By Michael E. Miller
By Allie Conti
By David Villano
By Jose D. Duran
By Michael E. Miller
By Allie Conti
By Kyle Swenson
By Luther Campbell
Actually there were just a few of us in town for the holidays, going from party to party. Sylvester Stallone. Madonna. Emilio Estefan. Ingrid Casares, always in the right places. Daisy Fuentes and her floating house of discord. Gianni Versace, traveling with sister Donatella, her husband, Paul Beck, and the unflappable Antonio. Alina and Anthony Shriver in a shades-of-Camelot number, Eunice Shriver flying in for added punch. Robin Byrd, the first lady of porn. Carol Channing. The former Prince, still lonely at the top. Everyone was there, and then of course, there we were, the Zelig of Miami, popping up in the darnedest places.
Countdown to Casa Casaurina, the frenzy mounting for Gianni Versace's first public unveiling of his Miami Beach outpost, the Best Buddies International cocktail benefit setting the proper tone for another night's revel. A great cause and an interesting evening, the Miami-based charity -- spearheaded by Anthony Shriver and featuring an assembly of civic heavyweights -- working with the mentally disabled, providing jobs, education, and support systems of care and friendship. Something of a familial effort, given Eunice Shriver's pioneering efforts with the Special Olympics and the plight of her sister Rosemary Kennedy, lobotomized by doctors in the 1940s. The charity, quite rightly, putting the disabled into the cocktail mix, everyone -- from the rich to the retarded -- talking endlessly of the house. Even the rarefied hothouse flowers of the design world, who never really like anything, rhapsodizing madly about the new God of Miami: "In this place, even I'd be happy -- just think of the social possibilities."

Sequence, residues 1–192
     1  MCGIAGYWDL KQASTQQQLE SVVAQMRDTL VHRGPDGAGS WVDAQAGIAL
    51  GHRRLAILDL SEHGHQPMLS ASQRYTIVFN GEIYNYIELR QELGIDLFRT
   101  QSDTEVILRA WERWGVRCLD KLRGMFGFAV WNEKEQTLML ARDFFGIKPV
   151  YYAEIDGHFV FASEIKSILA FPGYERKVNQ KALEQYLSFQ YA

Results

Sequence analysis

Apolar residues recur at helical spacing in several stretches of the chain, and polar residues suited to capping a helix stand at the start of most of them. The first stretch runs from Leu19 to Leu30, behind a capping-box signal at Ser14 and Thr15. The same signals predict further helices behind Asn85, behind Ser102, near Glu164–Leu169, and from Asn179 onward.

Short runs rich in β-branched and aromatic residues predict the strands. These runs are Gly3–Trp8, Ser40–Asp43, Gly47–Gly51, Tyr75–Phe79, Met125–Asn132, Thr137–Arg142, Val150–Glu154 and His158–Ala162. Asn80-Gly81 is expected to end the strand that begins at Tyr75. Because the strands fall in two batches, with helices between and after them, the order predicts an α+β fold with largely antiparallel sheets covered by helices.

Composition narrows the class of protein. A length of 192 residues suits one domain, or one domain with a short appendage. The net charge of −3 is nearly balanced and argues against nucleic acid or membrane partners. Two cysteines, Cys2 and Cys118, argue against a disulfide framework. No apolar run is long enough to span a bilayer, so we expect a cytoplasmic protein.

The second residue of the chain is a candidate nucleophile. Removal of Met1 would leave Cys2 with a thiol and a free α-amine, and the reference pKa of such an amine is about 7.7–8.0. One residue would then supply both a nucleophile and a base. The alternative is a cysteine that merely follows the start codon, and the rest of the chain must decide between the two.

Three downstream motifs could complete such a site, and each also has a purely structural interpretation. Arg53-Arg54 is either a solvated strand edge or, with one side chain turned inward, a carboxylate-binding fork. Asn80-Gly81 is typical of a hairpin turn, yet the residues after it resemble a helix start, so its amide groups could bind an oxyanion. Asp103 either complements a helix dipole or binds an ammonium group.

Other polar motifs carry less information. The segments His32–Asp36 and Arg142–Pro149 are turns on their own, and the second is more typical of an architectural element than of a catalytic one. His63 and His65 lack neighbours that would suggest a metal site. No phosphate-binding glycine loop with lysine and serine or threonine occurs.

Lots of happy money and quasireligous fervor on hand, Versace turning a historic apartment building -- a much-beloved bastion of old Beach eccentricity -- into a palace befitting a king, the adjacent Revere torn down for an opulent garden and swimming pool, straight out of Fellini Satyricon. A controversial project, to say the least. In the open central courtyard, a chamber group plinking away under the stars, the $250 dollar-a-pop guests poking through the public rooms like tourists at Windsor Castle, gaping at Versace couches and pillows in cozy parlors, Versace linens on ornate beds, and gold bathrooms equipped with alarms noting the occupancy levels. Outside, a stairway made for grand entrances, leading down to a patio of fanciful tilework, luxurious chaise lounges and white table umbrellas. The pool backing up into an enormous stone edifice, three wall-mounted fountains, renderings of noble gods, spewing water into the pool. Behind the wall, a row of major palm trees, screening out the squalor of the streets.